My research in books, documentaries, archival materials and oral conversations with historians and scholars on the history of Africa and her peoples from five million years ago to the present, revealed that Africa today is home to more than 800 million people, and hundreds of different languages and cultures. It has been scientifically documented as the birth place of humankind, where the oldest human remains have ever been found. This extensive history suggests the wealth of knowledge that Africans brought with them through all of the horrors of the Middle Passage. It became my quest to find a way to eulogize those Africans who are gone but not forgotten. There are many reasons to preserve one’s history; it has been my concern and aspiration to ensure that those forgotten Africans did not die in vain.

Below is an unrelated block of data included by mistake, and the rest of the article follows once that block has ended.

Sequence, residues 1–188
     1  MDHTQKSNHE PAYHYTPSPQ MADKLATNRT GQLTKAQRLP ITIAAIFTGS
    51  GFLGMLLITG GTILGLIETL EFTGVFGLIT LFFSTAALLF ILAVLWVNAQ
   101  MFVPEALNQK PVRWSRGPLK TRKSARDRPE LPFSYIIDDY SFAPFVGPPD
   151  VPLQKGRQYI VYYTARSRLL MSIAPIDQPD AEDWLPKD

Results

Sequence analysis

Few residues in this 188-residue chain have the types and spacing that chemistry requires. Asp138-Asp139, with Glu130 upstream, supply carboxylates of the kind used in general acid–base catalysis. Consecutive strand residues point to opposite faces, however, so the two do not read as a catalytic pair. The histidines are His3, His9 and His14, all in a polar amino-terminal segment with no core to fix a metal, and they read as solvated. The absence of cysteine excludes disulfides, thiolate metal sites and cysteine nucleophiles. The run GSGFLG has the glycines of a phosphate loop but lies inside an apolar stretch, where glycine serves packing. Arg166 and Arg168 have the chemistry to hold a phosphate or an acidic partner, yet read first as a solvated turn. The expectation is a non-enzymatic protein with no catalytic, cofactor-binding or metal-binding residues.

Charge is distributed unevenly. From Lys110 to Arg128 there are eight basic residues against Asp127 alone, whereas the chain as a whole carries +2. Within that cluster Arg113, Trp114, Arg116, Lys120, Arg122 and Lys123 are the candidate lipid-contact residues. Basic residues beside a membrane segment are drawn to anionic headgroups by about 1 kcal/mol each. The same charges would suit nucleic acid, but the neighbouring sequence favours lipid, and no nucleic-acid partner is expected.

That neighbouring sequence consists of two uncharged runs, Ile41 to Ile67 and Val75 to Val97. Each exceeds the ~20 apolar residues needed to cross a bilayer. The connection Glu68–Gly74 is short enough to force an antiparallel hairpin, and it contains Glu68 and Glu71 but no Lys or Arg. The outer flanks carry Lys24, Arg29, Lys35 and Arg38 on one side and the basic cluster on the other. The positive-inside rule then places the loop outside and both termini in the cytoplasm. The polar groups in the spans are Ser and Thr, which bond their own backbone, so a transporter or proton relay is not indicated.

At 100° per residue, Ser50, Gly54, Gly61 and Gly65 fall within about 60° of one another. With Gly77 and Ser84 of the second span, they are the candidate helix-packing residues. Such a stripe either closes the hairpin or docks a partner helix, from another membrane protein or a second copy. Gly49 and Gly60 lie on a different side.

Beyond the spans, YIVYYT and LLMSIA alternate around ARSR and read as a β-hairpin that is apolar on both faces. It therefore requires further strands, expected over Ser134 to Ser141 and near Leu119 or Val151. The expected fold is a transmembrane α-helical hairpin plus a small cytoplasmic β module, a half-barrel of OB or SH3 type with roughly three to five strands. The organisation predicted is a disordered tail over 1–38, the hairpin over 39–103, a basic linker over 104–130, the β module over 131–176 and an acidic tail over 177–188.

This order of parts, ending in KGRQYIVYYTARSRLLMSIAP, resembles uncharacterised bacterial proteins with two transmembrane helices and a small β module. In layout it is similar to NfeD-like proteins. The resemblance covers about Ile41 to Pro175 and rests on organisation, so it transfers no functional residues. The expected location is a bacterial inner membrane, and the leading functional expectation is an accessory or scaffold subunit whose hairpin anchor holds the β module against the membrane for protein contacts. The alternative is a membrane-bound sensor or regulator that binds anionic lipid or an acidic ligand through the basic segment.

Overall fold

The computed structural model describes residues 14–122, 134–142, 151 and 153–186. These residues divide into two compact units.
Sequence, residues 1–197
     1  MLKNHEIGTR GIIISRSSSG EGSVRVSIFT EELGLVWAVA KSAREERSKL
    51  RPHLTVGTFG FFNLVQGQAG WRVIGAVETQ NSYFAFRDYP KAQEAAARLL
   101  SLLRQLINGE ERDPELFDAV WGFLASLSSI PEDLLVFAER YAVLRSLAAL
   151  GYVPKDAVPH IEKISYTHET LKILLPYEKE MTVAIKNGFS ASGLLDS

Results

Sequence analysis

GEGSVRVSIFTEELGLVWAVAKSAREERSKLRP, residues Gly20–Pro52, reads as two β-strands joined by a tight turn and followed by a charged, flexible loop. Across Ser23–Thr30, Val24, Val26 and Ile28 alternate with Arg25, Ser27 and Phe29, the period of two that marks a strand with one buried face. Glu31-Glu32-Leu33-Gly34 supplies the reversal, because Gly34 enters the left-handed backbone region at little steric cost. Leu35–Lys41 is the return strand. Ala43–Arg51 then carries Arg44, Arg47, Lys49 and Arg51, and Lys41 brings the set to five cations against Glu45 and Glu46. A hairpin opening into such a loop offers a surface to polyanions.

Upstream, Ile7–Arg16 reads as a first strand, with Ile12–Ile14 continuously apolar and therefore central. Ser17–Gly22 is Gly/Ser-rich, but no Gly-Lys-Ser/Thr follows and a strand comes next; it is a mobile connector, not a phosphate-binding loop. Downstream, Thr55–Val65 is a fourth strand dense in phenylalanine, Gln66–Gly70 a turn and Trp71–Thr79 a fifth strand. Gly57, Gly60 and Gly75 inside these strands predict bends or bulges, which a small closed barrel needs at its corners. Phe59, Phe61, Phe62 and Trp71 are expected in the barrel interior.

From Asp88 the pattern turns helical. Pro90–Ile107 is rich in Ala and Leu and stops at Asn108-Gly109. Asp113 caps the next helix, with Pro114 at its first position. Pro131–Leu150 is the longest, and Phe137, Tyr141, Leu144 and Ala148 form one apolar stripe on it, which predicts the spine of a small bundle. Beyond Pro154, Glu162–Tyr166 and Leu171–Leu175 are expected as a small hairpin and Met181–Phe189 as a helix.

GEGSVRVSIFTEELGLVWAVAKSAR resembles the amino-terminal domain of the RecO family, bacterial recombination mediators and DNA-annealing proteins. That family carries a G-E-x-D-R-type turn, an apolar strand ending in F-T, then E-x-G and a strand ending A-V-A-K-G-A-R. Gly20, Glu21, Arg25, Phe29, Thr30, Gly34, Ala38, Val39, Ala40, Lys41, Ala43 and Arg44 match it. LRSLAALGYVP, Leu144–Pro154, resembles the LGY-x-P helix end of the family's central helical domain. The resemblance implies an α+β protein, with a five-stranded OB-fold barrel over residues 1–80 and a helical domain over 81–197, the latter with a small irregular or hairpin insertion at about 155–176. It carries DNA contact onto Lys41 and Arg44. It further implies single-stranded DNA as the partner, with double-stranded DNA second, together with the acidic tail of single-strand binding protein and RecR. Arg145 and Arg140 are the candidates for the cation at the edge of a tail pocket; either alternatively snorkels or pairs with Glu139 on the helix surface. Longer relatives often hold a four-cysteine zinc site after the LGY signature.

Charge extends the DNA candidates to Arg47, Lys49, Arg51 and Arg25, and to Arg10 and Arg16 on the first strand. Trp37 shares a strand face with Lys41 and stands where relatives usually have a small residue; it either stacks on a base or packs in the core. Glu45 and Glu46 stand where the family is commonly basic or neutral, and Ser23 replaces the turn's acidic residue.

Through Godís inspiration and my obedience and the aid of several managers at Bellsouth Gladys Williams, Melanie Davis and Margaret Kearse in January 2001 requested of me to do a presentation for Black History Month inside of Bell South Headquarters auditorium. Also being mindful of my husband Baswell Donaldson strong support and assisting in the development of this exhibit, including my children Baswell J. Donaldson and Kristal C. Donaldson moral support in helping to install the exhibit, made this dream become a reality on February 16, 2001 till today. I am truly bless to have my family and other supporting people in my life. All though this period my father Arthur Dellmar health was failing and made a transition to peaceful place, leaving us with great sorrow on April 28, 2001. The abundance of his positive life style enjoyment are memories planted deeply into our souls, his existence is daily embedded in us as he lived on earth, without hesitation it was more than appropriate to dedicate this project to my DAD.